Review: Legion of Super-Heroes #3

by Matthew Lloyd
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Review: Legion of Super-Heroes #3

[Editor’s Note: This review may contain spoilers] 

Writer: Brian Michael Bendis

Art: Ryan Sook, Travis Moore & Wade Von Grawbadger

Colors: Jordie Bellaire

Letters: ALW’s Troy Peteri


Reviewed by: Matthew B. Lloyd



Jon Kent learns that he’s made a grave mistake in bringing Damian to the 31st century, while the Legionnaires who’ve gone to Rimbor make a mistake of their own (Mon-El!).  And, Saturn Girl learns that Mordru is not a good dance parnter.


After the dumpster fire that was issue #1, last issue saw this title shift gears and show a distinct improvement.  Legion of Super-Heroes #3 is yet another step in the right direction.  First off, there are a couple of Easter Eggs/ homages that fans should enjoy, the first coming on page one as Dawnstar reveals her last name.  There’s at least one more in the issue as well.  The storlines themselves move along a bit with a bit more revealed about each one.  Imagine a layer of onion being peeled back.

Perhaps, it’s still moving slowly, but at least what was under that first layer was interesting.  Additionally, Bendis finds a tone that appears to be channeling a ’60’s Legion feel.  There is a youthful naivete that is reminiscent of that era.  And, at times it seems like they are in way over their heads.  Can’t quite decide if this is supposed to be funny or not, but it does come across in a humorous vein.

While Damian’s appearance in the issue is befuddling on one level, enough is revealed to show that the Legion are concerned about what he may become.  I need only point you to Batman #666 for what Bendis is referencing.  While the whole exercise of bringing Damian to the future for 5 minutes feels like a lot of wasted space on one hand, it plays well for Jon and Damian’s relationship and it allows a tease that part of the Legion’s mission is to help avoid the timeline seen in Batman #666.   This is a truly interesting plot element.  Hopefully, it won’t get lost in the shuffle.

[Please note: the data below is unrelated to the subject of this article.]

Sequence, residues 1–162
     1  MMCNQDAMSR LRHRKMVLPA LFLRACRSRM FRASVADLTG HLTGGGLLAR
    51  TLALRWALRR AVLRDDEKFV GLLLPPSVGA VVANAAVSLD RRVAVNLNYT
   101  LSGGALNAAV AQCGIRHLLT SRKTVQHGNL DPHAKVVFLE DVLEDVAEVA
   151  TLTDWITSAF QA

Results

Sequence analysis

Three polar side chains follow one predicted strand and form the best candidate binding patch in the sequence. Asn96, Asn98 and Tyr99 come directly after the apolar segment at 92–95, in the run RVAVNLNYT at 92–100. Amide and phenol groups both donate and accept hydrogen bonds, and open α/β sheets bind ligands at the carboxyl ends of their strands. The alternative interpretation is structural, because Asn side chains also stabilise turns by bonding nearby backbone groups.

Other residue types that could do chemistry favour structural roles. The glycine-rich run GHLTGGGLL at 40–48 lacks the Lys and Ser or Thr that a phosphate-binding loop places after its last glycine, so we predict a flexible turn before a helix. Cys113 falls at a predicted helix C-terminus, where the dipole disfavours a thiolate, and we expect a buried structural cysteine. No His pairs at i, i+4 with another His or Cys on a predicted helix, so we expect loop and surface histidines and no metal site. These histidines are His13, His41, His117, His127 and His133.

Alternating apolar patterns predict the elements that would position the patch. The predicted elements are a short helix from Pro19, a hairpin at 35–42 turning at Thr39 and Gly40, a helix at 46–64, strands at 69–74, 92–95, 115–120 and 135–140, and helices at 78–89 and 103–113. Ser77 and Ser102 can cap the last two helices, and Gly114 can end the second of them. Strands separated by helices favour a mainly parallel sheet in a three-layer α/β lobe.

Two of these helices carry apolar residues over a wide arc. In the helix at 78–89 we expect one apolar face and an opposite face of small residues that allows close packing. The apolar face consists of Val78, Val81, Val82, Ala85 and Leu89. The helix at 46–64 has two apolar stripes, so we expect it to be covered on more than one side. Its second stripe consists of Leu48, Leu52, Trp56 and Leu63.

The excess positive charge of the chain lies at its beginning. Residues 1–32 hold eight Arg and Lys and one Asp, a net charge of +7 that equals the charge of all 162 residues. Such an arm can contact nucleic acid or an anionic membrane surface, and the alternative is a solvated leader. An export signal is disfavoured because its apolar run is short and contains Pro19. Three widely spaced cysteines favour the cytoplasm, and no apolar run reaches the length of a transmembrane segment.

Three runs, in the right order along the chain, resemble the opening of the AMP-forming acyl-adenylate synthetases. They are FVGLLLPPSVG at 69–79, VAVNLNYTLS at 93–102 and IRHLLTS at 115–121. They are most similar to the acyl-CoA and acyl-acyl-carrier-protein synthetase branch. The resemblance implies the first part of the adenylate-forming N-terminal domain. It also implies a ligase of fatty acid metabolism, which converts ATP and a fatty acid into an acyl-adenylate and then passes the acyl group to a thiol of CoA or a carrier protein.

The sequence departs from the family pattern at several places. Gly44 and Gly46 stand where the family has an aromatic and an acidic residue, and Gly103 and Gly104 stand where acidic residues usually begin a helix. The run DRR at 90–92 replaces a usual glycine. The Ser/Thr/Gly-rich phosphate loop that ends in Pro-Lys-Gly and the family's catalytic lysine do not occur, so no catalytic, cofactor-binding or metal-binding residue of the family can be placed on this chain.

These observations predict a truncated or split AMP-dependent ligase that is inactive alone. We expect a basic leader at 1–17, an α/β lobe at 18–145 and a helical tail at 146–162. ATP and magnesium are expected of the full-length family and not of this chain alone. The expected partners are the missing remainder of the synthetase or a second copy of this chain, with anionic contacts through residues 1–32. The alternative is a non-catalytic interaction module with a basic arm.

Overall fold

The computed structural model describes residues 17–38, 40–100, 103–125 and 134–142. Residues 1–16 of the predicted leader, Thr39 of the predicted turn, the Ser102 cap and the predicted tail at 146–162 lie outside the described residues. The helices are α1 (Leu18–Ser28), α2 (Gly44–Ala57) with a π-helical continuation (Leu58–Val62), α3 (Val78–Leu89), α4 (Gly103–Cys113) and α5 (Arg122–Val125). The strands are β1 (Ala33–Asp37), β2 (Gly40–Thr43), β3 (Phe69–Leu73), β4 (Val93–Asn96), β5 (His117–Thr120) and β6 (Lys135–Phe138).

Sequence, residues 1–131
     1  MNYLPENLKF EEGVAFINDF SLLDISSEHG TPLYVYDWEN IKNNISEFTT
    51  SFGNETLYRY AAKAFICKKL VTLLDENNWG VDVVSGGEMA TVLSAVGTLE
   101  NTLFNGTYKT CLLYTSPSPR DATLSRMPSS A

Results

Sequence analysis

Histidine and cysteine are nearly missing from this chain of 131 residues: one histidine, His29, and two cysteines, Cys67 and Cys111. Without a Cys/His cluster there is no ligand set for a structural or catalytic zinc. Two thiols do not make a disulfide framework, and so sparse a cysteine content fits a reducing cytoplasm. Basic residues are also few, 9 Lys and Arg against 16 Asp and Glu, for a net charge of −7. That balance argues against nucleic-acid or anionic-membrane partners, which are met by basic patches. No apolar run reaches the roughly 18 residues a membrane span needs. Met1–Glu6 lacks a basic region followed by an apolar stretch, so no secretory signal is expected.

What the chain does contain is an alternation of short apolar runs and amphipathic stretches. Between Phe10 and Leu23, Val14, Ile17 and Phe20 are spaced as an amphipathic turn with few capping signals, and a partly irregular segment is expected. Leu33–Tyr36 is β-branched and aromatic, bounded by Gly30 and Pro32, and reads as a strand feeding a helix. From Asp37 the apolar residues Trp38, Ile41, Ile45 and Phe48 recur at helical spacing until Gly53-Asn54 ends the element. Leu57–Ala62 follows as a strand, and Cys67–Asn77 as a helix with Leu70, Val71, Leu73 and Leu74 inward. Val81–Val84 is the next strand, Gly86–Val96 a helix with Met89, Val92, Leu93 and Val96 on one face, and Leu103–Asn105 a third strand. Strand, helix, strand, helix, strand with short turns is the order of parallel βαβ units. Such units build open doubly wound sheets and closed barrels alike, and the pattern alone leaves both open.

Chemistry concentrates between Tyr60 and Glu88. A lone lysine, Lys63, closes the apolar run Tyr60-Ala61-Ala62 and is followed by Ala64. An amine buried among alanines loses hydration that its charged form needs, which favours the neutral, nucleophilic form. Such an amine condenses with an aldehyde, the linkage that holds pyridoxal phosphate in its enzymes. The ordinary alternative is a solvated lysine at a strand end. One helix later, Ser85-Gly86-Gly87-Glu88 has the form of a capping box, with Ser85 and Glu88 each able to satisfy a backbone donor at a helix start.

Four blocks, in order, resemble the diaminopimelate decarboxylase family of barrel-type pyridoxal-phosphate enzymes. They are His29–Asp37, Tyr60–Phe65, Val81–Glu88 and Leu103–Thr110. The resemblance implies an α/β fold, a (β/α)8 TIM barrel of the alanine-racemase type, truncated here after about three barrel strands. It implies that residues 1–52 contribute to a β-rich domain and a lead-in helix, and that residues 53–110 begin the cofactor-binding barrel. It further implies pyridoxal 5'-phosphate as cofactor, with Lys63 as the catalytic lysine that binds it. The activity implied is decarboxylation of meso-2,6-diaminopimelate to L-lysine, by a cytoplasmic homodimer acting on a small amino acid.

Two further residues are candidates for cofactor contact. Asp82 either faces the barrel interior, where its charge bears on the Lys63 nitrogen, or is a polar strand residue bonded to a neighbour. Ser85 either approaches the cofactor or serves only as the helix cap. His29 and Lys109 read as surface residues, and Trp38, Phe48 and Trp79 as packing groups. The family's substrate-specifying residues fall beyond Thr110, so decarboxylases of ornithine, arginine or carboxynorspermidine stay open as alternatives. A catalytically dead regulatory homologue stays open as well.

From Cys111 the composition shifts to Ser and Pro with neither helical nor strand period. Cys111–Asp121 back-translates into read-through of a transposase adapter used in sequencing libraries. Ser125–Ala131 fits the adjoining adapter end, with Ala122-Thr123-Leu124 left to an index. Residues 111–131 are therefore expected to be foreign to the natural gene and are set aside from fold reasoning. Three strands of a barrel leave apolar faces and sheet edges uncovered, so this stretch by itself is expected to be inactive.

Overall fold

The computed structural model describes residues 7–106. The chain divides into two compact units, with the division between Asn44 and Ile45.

Positives Cont’d

I’m not sure if it’s really a positive or not, but there is definitely a tease of how Mon-El and Jon are related.  In the original Legion, they shared the “El,” because Superboy thought he was a relative and Kryptonian.  Legion of Super-Heroes #3 suggests though some clever dialogue (yes, I said clever dialogue) that Mon-El might be one of Jon’s descendants.  I guess in a way you could say Bendis has gender swapped Laurel Kent!  While everyone may not like this concept, it is rendered effectively.  Just like there’s a lot more to be told of Dawnstar’s origins, there’s certainly a bigger story at hand for Mon-El and Superboy’s relationship.

While filling in this issue, Travis Moore’s art seems to add a bit more life to the book.  There is a surprisingly subtle but, recognizable difference between Sook and Moore’s work.  Dare I say, Moore’s work on the issue is stronger and makes a good case for becoming the regular penciller.

A final onion layer reveals a little more about Mordru.  On Planet Gotham, he is revealed to be a “Master Daemon.”  This seems to indicate he far more than the street level gangster he was called in issue #1.  It’s nice to see his stock rising, but it isn’t entirely understandable why the Legion had that perception of him to begin with.


Bendis’s penchant for drawing things out is going to hurt this series in the long run.  It’s already playing havoc with his ability to tell a coherent story in his Superman titles.  After building up Rose Forrest, she doesn’t appear at all in Legion of Super-Heroes #3 after having received the off panel promotion to official UP liaison off panel in the un-published, Legion of Super-Heroes #1.5.

There’s not a whole lot of deep character work yet, outside of Jon Kent.  Jo (Ultra-Boy) Nah has gotten a start, but there are so many concepts at play it’s unclear if he will get a true arc out of this.


Legion of Super-Heroes #3 is the best issue so far.  The reveals under the layers of onion are interesting  and have the potential for interesting developments.   However, there is a real concern that this will plod along as Bendis tries to put too many plot threads on the table at a time, thus diluting the good ideas he has injected into the series.  Things could easily go the other way next issue.


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